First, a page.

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  • 5.
    Svensson, Daniel
    et al.
    Umeå University, Faculty of Science and Technology, Department of Chemistry.
    Sjögren, Rickard
    Umeå University, Faculty of Science and Technology, Department of Chemistry. Corporate Research, Sartorius AG, Umeå, Sweden.
    Sundell, David
    Sjödin, Andreas
    Trygg, Johan
    Umeå University, Faculty of Science and Technology, Department of Chemistry. Corporate Research, Sartorius AG, Umeå, Sweden.
    doepipeline: a systematic approach to optimizing multi-level and multi-step data processing workflows2019In: BMC Bioinformatics, E-ISSN 1471-2105, Vol. 20, no 1, article id 498Article in journal (Refereed)
    Abstract [en]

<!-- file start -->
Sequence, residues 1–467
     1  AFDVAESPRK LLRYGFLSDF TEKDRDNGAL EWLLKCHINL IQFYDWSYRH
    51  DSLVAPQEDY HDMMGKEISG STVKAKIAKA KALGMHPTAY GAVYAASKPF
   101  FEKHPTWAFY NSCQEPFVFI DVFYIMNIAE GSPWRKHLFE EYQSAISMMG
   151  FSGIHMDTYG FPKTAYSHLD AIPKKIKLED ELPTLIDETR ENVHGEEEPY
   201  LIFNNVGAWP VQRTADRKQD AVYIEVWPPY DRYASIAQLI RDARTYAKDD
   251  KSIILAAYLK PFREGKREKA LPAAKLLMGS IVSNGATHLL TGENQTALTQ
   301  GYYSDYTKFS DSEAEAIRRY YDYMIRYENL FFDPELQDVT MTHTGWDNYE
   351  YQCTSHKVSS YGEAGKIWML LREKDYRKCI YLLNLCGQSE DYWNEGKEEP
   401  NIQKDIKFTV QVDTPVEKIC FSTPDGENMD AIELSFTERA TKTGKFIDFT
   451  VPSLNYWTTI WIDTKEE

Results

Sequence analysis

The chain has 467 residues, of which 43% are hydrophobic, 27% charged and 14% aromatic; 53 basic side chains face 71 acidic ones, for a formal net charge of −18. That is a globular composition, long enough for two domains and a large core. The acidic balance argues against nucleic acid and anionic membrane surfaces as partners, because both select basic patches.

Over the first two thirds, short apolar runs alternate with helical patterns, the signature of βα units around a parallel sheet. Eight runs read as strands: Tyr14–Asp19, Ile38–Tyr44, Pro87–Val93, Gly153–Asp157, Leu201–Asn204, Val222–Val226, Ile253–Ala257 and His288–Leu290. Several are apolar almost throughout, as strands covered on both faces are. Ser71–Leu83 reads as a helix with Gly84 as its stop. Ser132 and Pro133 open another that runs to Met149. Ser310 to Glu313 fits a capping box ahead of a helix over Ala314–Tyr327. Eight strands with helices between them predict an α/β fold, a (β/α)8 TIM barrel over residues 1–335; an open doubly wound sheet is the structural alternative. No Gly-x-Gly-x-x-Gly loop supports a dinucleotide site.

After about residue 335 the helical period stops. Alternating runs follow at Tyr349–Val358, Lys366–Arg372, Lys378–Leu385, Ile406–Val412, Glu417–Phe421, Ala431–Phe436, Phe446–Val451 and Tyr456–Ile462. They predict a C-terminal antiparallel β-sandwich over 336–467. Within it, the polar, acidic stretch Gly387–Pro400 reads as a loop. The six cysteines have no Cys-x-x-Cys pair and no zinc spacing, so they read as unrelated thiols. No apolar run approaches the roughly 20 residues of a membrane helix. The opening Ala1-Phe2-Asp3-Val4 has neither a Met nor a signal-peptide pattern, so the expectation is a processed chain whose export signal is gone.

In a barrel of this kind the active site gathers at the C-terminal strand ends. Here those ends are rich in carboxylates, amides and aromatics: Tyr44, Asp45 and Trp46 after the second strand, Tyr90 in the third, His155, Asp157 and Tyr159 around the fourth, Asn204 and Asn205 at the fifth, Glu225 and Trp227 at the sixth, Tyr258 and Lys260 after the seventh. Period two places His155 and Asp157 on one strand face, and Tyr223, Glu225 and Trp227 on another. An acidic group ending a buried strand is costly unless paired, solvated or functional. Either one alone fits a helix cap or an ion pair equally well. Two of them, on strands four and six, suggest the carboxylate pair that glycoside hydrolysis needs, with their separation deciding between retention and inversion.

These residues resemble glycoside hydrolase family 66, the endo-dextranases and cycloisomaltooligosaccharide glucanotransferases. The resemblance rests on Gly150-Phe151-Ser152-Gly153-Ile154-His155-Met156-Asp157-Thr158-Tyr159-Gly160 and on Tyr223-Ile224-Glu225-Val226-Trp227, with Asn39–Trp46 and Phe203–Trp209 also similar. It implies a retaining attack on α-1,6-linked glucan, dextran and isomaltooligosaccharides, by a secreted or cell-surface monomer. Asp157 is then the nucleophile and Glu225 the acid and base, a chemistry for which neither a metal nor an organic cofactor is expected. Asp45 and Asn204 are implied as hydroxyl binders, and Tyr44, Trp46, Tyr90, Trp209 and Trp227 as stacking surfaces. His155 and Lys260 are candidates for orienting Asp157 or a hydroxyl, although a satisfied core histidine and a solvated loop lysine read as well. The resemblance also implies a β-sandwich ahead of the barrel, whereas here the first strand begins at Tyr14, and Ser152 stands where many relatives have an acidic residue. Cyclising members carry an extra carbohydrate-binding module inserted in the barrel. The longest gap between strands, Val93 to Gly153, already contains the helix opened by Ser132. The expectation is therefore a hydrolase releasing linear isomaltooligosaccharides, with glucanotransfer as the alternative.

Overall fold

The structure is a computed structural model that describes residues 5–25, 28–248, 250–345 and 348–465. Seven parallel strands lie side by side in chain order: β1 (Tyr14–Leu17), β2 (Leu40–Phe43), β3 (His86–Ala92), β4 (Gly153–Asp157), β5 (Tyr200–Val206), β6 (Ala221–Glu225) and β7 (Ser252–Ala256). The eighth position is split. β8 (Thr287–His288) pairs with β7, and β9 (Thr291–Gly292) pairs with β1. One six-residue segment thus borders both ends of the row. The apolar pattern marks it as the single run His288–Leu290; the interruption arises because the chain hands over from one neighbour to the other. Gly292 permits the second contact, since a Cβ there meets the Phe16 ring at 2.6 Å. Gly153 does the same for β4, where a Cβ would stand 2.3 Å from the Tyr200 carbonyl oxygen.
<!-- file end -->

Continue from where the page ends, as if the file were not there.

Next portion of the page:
Background: Selecting the proper parameter settings for bioinformatic software tools is challenging. Not only will each parameter have an individual effect on the outcome, but there are also potential interaction effects between parameters. Both of these effects may be difficult to predict. To make the situation even more complex, multiple tools may be run in a sequential pipeline where the final output depends on the parameter configuration for each tool in the pipeline. Because of the complexity and difficulty of predicting outcomes, in practice parameters are often left at default settings or set based on personal or peer experience obtained in a trial and error fashion. To allow for the reliable and efficient selection of parameters for bioinformatic pipelines, a systematic approach is needed.